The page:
The Second Coming
William Butler Yeats
and turning in the widening gyre
The falcon cannot hear the falconer;
Things fall apart; the centre cannot hold;
Mere anarchy is loosed upon the world,
The blood-dimmed tide is loosed, and everywhere
The ceremony of innocence is drowned;
The best lack all conviction, while the worst
Are full of passionate intensity.
Surely some revelation is at hand;
Surely the Second Coming is at hand.
The Second Coming! Hardly are those words out
When a vast image out of Spritus Mundi
Troubles my sight: somewhere in the sands of the desert.
A shape with lion body and the head of a man,
A gaze blank and pitiless as the sun,
Is moving its slow thighs, while all about it
Reel shadows of the indignant desert birds.
The darkness drops again; but now I know
That twenty centuries of stony sleep
were vexed to nightmare by a rocking cradle,
And what rough beast, its hour come round at last,
Slouches towards Bethlehem to be born?
began writing the poem in January 1919, in the wake of the First World War, the
Russian Revolution, and political turmoil in his native Ireland. But the first
stanza captures more than just political unrest and violence. Its anxiety
concerns the social ills of modernity: the rupture of traditional family and
societal structures; the loss of collective religious faith, and with it, the
collective sense of purpose; the feeling that the old rules no longer apply and
there’s nothing to replace them. It’s the same form of despair we see in, say,
“Of course, twentieth-century history did turn more horrific after 1919, as the poem forebodes. The narrator suggests something like the Christian notion of a “second coming” is about to occur, but rather than earthly peace, it will bring terror. As for the slouching beast, the best explanation is that it’s not a particular political regime, or even fascism itself, but a broader historical force, comprising the technological, the ideological, and the political. A century later, we can see the beast in the atomic bomb, the Holocaust, the regimes of Stalin and Mao, and all manner of systematized atrocity.”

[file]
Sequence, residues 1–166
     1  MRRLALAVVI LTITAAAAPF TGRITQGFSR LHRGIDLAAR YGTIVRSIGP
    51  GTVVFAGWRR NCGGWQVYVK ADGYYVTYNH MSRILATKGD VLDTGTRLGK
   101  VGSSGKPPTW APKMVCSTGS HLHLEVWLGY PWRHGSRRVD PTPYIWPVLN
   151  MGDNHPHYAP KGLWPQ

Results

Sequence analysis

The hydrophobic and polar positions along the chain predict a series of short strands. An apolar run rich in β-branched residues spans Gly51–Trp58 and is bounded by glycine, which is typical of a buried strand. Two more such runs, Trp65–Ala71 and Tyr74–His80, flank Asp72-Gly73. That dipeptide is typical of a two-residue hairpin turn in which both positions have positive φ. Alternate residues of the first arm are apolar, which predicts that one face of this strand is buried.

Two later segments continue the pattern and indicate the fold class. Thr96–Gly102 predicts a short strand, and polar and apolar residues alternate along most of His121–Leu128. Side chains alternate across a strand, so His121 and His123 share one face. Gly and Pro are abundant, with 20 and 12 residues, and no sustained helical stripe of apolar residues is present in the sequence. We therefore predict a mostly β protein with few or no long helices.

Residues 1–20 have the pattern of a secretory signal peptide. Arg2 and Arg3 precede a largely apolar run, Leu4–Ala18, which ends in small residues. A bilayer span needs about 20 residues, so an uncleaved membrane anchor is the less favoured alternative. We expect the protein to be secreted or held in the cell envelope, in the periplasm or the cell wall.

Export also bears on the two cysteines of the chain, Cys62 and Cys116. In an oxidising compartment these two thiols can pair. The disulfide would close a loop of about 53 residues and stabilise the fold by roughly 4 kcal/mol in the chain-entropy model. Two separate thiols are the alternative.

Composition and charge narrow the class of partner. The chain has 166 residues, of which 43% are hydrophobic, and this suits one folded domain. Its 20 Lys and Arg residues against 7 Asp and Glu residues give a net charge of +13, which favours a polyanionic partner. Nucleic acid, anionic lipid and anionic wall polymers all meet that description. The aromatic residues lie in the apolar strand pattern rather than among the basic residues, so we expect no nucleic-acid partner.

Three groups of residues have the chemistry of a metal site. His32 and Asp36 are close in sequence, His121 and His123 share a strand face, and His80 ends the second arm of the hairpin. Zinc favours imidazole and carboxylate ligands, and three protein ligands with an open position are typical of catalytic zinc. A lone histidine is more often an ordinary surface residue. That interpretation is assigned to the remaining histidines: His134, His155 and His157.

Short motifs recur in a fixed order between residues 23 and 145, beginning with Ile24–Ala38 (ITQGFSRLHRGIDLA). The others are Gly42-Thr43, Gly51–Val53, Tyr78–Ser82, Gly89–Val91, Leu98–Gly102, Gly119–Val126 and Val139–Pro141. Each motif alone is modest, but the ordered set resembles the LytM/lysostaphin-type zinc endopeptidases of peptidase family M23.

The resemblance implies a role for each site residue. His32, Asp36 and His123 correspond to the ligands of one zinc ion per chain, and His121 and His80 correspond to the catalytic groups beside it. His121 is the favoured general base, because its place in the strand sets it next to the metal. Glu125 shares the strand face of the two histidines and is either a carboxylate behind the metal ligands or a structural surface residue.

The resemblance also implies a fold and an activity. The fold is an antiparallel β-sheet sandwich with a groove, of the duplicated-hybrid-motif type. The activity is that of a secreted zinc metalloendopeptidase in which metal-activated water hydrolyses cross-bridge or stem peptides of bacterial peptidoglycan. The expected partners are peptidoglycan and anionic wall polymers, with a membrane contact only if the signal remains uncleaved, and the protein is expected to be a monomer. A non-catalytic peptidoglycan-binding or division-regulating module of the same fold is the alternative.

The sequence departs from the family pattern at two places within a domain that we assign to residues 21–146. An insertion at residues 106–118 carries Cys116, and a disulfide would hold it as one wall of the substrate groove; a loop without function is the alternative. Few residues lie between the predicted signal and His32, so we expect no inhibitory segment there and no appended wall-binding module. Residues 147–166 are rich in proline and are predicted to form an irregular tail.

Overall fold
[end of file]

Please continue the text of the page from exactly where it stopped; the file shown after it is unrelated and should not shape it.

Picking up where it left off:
From an article by Nick Tabor in the Paris Review
William Butler Yeats (13 June 1865 – 28 January 1939) was an Irish poet and one of the foremost figures of 20th-century literature. A pillar of both the Irish and British literary establishments, in his later years he served as an Irish Senator for two terms. Yeats was a driving force behind the Irish Literary Revival and, along with Lady Gregory, Edward Martyn, and others, founded the Abbey Theatre, where he served as its chief during its early years. In 1923, he was awarded the Nobel Prize in Literature as the first Irishman so honoured for what the Nobel Committee described as "inspired poetry, which in a highly artistic form gives expression to the spirit of a whole nation." Yeats is generally considered one of the few writers who completed their greatest works after being awarded the Nobel Prize.